The concept of asymptomatic transmission formed the foundation for the belief that lockdown was necessary and might work and for mask wearing and amplified the atmosphere of fear with the idea that anyone could be a threat.
… At the time it was possible to conclude that the global evidence of transmission from people who never had symptoms amounted to only three people with very mild symptoms, calling into question the idea that there should be any concern around the apparently healthy.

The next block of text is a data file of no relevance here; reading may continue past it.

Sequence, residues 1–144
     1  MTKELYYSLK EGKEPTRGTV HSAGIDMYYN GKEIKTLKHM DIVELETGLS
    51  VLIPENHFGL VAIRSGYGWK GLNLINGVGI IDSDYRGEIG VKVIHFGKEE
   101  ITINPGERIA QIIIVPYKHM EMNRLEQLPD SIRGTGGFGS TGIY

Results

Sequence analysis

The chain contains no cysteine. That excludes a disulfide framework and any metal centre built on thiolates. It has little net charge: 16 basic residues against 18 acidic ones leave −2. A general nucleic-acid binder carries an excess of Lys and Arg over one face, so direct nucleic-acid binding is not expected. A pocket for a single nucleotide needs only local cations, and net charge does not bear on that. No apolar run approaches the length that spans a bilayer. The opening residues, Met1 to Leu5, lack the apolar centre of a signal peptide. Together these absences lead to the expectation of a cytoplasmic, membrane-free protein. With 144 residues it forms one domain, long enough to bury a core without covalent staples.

In the last year there have been two reports which have increased knowledge in this area. The first was a study of thoroughly tested marine recruits and the second was a carefully reported outbreak in Japan. Both studies failed to provide answers to critical questions – the key question being whether someone who tested positive after contact with a never symptomatic individual, ever developed symptoms themselves. This question has been repeatedly omitted from such studies of asymptomatic spread.